And we know there are a number of clubs across the EFL that are in real distress today.

This is where our proposals for an Independent Regulator come in.

The Regulator will have a clear focus, centred on ensuring that English football is financially sustainable and resilient for the benefit of fans and the local communities football clubs serve.

The Regulator will operate a licensing system for all clubs in the top five tiers of English football.

The Regulator will be independent of industry and Government. This will be set out in law.

The model we have set out is proportionate and flexible, allowing English Football to continue being a global-success story, while tackling harms where they exist.

Where clubs are already well run and risks are low, the Regulator will not look to intervene unless necessary, nor will the Regulator impose an extra layer of requirements to burden clubs with.

Under the Regulator’s regime…

We will legally strengthen the owners’ and directors’ tests, to protect clubs and their fans.

These new tests will reduce the likelihood of unsuitable custodians.

We will give fans more of a voice on the running of their clubs.

This will include stopping owners from changing vital club heritage, such as names, badges and home shirt colours, without approval from the fans.

Likewise, clubs will have to seek regulator approval for any sale or relocation of the stadium, and fan engagement will be a crucial part of that process.

And we will give the Regulator the power to block clubs from joining closed-shop breakaway leagues, such as the European Super League.

We want a thriving football pyramid, and more money must flow through the game to make this happen.

On financial distribution, it remains our firm belief that the best solution is a football led one. If one is not found the Regulator will have a backstop power to intervene and force a solution.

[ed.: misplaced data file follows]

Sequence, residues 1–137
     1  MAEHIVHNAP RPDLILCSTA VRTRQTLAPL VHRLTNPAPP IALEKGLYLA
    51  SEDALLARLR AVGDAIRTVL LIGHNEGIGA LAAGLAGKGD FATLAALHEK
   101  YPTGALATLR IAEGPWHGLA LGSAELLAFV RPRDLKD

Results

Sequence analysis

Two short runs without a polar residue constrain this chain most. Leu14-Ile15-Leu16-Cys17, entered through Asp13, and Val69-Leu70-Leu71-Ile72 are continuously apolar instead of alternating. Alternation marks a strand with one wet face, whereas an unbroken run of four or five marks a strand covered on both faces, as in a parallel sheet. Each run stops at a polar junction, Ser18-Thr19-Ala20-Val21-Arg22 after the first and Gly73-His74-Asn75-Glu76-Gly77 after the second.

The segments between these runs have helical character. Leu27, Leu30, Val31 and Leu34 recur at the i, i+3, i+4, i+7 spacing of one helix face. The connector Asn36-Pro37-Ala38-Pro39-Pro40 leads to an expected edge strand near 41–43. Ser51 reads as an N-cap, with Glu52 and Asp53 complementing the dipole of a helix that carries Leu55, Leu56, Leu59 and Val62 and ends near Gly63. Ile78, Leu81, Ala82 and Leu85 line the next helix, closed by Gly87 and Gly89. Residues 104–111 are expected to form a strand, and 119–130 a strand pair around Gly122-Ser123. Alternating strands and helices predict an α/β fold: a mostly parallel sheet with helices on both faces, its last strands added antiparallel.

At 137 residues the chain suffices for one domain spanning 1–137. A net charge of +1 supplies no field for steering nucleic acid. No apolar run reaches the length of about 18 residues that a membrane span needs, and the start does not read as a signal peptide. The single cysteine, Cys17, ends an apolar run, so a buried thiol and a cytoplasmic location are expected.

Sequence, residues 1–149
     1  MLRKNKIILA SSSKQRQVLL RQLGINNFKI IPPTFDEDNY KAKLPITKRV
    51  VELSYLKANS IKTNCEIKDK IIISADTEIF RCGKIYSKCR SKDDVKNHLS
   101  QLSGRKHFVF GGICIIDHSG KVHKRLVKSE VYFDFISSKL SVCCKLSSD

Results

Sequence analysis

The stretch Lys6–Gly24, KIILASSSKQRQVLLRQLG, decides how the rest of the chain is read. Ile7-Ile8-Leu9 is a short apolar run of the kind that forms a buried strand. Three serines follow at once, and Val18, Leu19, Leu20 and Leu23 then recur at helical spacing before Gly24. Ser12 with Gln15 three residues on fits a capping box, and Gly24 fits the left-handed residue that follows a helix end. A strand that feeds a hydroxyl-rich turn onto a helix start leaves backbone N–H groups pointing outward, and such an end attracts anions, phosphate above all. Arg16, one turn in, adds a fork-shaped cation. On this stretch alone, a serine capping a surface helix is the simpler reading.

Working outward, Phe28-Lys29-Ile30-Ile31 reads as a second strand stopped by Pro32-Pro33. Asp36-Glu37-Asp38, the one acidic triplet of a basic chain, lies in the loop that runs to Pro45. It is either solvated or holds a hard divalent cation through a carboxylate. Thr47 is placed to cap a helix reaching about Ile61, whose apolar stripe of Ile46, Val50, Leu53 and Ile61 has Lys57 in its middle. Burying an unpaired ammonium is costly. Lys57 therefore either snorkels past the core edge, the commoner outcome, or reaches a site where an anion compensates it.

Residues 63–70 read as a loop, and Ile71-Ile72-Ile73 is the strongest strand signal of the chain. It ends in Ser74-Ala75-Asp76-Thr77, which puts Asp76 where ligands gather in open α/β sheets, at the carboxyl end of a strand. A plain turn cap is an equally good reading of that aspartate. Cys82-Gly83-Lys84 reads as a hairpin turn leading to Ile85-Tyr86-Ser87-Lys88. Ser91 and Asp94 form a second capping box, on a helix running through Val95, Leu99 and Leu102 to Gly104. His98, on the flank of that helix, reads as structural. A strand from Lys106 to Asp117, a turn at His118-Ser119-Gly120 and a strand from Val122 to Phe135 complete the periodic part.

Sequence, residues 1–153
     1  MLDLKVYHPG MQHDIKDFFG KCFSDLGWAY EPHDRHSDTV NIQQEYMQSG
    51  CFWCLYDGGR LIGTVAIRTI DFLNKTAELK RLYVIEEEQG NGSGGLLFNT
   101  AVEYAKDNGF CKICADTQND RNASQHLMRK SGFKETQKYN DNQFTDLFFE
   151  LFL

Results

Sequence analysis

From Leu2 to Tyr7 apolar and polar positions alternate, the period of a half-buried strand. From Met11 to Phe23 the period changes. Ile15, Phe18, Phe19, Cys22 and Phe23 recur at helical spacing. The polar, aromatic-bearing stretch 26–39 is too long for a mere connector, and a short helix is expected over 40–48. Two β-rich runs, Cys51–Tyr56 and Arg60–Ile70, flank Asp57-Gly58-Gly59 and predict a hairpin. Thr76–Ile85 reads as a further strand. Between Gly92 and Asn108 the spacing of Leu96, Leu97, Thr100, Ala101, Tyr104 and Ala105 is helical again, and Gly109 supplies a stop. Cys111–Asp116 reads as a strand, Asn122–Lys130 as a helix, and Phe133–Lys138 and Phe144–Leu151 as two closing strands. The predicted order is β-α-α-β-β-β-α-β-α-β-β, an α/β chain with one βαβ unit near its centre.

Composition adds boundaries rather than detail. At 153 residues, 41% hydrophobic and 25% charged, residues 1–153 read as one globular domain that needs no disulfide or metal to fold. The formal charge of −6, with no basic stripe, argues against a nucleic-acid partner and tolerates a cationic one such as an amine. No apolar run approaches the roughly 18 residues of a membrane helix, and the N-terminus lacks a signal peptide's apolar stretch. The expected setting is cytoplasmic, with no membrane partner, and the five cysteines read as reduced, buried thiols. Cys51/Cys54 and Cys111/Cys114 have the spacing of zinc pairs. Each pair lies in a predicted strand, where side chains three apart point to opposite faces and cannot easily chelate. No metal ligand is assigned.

I am optimistic that discussions between the Premier League and EFL will find a solution on this urgent issue.

I am hopeful that the resolution will be found soon. I would urge both sides to reach a deal as soon as possible. It is in the game’s interests to avoid the risk of further financial uncertainty.

In short, we are protecting the long-term success of our national game, and restoring fans’ position at the heart of how football is run.

Since the publication of the White Paper in February, we have been consulting with the football industry on our proposals.

This is a crucial step in ensuring that we develop effective regulations that deliver positive outcomes for football, while minimising the harms identified in the game.

I would like to thank the EFL and many of its member clubs for your support throughout this process as we look to further develop and refine our policy.

The Government intends to publish its response to this initial period of consultation in the coming weeks.

This will represent the latest step in our ongoing commitment to support, promote and protect the national game, as well as ensuring that fans are placed at the heart of it.

We remain committed to bringing forward legislation when parliamentary time allows.

I would like to finish by encouraging you to continue progressing with your valuable work in communities across England and Wales, as well as moving forward with much needed reform.

Fans were able to have a major say in this White Paper. Football does not need to wait for an Independent Regulator to be in place before it can introduce improved governance practices. You can act now!

I want to finish by thanking the EFL for inviting me to speak at this year’s Annual Conference. I thank Rick and Trevor for their continued engagement on these important issues.

I appreciate our continued collaboration and look forward to hearing the outcome of discussions from the panel session.

Department for Culture, Media and Sport
The Rt Hon Stuart Andrew MP